The icon is also an ambiguous power: it can reveal and veil at once. it is a body – a medium that speaks without words. It informs and narrates a history: in Algeria and in the war of liberation and through the bodies of women, something extraordinary has happened. Women, from the “Maquis” to the “Fidaiis”, from the peasants to the city dwellers, from the students to the illiterate, from the nurses to the workers, and from Algeria to France, were doing the unthinkable and the unforgettable: waging war on colonial France. They did more than give “considerable help to the independence of their country”, as the historian Michèle Perrot; a reference in the history of women in France, has said (5). And they did not “have to assimilate into the national battle and support the men who carried it”, as the political scientist Khadija Mohsen-Finan has noted (6).

They did more than that; offering their own intimate experience of what colonialism is, as the “indigenous of the indigenous”, and it was their hatred for the occupation which had empowered them with this incredible strength to break out of their imprisonment, family, guardians and numerous taboos. They wore the clothes of war; a field which is usually reserved for men, and not only did they partake in combat, but soon their presence became visible in the newspapers, maquis (guerillas), courts, prisons and even in the torture chambers.

“The Battle of Algiers” sent the film “Djamila,” by director Youcef Chahine, into oblivion. The latter had been made in a hurry in 1958 to mobilize public opinion against the imminent execution of Djamila Bouhired, as part of a global campaign which saw the uprising of all anti-colonials in the world. Ho Chi Minh was committed to the campaign, while Fairouz, Warda el Djazairiya, and Egyptian singer Sou'ad Mohamed, all sang for her, while Jacques Vergès, Bouhired’s lawyer who later became her husband, together with Georges Arnaud published the book “For Djamila Bouhired.”

The film documents the art of writing dominant narratives that transform the female actors in history into women-objects, stripped of every quality, and even of their names. It illustrates how the invisibility of women in history is a construct that produces and reproduces the power of the dominant.

In this regard, the revolutionary Djamila Bouhired is a perfect example of both the fabulousness of the legend and the monstrosity of the war. She is a “bomb placer” and one of those who shifted the geographies of violence away from “the Arab city” which was surrounded by paratroopers, and into “the white city,” during the time of the “black feet’s” (French settlers) pre-dinner drinks. She knew the Casbah just as much as any man, but much better than the police.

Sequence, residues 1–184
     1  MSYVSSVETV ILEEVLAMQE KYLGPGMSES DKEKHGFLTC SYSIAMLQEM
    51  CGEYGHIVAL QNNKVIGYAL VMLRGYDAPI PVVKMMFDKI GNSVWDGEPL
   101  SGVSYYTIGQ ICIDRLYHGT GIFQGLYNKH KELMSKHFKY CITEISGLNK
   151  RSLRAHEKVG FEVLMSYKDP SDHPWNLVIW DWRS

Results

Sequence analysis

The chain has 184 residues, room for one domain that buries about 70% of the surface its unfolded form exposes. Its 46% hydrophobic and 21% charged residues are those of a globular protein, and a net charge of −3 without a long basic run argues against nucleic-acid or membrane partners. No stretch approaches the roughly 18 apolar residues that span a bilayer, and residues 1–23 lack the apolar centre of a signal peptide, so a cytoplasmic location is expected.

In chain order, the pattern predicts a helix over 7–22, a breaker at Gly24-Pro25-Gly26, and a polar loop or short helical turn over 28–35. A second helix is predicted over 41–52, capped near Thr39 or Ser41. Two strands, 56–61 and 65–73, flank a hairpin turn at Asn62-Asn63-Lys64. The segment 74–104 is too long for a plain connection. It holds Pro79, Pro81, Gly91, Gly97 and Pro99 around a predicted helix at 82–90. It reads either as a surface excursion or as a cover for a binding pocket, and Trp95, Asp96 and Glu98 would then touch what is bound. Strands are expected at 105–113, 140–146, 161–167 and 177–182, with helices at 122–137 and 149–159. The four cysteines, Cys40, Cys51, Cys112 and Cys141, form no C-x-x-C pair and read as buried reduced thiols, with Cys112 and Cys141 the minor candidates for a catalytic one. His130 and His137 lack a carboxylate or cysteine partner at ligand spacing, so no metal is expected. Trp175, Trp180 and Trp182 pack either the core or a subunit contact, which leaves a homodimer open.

Bouhired was shot and wounded as she and the military leaders of the “autonomous zone” of Algiers were fleeing the terrible crackdown of 1957, and she was carrying numerous confidential documents. She went from the hospital to the torture room, then to the military court which condemned her to death by the guillotine, while the colonialists demanded her lynching. In addition to all this, she was as beautiful as day. This is, indeed, a huge load for one woman; a “sister” among “brothers,” to carry.

Between the woman-icon and the women “sent home”, the representations of Algerian women oscillate between glorification and contempt. In this inbetweenness, there is a void to fill, without yielding to the narratives told by the dominant parties who seek to propagate their ideological and material interests by giving women the role of the mute subordinate.

It was not until 1990, with the publication of the book “Algerian Women in War” in Algeria, written originally as a university thesis by the moujahida-turned-historian, Danièle Djamila Amrane-Minne, that women finally broke the silence of history. In his preface for the book, André Mandouze, the pro-NLF French historian, writes: “(...) We have accepted the praising of the brilliant actions of a few women or their exceptional vocations, yet it does not seem like we are aware, or perhaps we have pretended not to be aware, of the fact that these individual actions presupposed an intricate backdrop woven by the growing crowd of Algerian women who, in their own way, “formed one front” (...) (7)”. Was it a front within the front and a revolution within the revolution?

But in the words of the feminist sociologist Christine Delphy, “the oppressed are only tolerable when they know how to be discreet.” “The brothers” defended themselves in the face of what they considered a threat to the source of their power, and hence, they took over the power of words and rewrote the story of the war in a way which is convenient to them, returning the world to its previous state, reminding everyone that the “icon” had a “leader”; the leader of the “autonomous zone,” Yacef Saadi (1957).

And, lest anyone forgets this, Saadi became a producer and an actor who portrayed his own story after independence. He, himself, chose Gillo Pontecorvo to direct the film, “The Battle of Algiers;” a film so influential that it would become a cult classic, regarded as an archival documentation of reality by the official history of Algeria. Likewise, French historian and renown expert in anti-colonial battles, Benjamin Stora, bestows a “documentary value” on the film. So be it, but what does the film document from the perspective of Algerian women?